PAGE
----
Protect your business upon divorce
In the unfortunate event of marriage breakdown, there comes a time when the couple must deal with the division of their assets. Resolving the financial implications of divorce is often a complex issue, and cases where one or both parties have an interest in a business can be even more intricate. If the couple cannot agree a way forward, the decision on how to deal with the assets will fall at the mercy of the court.
Where a business was established before the marriage, or has grown significantly post-separation as a result of one party’s efforts, the idea that it may be divided within divorce proceedings will often result in bitterness. And it doesn’t get easier when a business has been built up equally by both spouses.
In either case, the court will decide how the value of the business should be incorporated into the overall division of the matrimonial assets. The court’s powers in this regard are far-reaching and can involve orders for shares to be transferred or sold, or for lump sum payments to be made.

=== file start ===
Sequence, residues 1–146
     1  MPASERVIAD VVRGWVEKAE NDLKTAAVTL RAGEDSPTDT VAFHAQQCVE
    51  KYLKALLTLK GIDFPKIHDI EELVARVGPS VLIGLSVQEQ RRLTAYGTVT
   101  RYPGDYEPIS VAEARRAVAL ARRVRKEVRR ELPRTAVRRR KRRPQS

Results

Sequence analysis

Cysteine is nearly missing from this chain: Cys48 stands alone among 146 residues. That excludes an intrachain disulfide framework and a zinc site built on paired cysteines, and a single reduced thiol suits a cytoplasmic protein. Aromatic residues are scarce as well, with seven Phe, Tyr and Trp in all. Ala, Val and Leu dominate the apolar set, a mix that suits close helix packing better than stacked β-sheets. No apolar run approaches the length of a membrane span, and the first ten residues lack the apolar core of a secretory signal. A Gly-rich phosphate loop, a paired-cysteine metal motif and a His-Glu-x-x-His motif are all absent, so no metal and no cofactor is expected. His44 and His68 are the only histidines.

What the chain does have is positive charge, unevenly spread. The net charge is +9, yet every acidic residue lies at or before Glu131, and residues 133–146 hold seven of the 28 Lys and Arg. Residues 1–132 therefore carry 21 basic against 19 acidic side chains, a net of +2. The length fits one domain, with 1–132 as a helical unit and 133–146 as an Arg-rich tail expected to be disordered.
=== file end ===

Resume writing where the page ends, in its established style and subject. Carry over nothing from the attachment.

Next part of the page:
The result of the court’s decision on the business can be significant. For example, if one party is required to walk away from a fundamental role in the day-to-day operations of the business, will it continue to run as efficiently? Or, if a person is ordered to sell some of their shares, will this impact on their ability to influence the direction of the business (i.e. the loss of majority shareholder status)?
Most business owners think that the existence of shareholder agreements will be sufficient to protect the business in the event of divorce proceedings but this is not the case.
A nuptial agreement which sets out how the couple wish their personal and business assets to be divided if they later divorce can, however, provide a business owner with the security they need to protect their business assets. These legal agreements can be entered into either before or after the wedding.
For more information about how to protect your business in the event of a divorce or separation, please contact Gail Brooks, Associate, Private Client - Family.
Published: 4 Nov 2016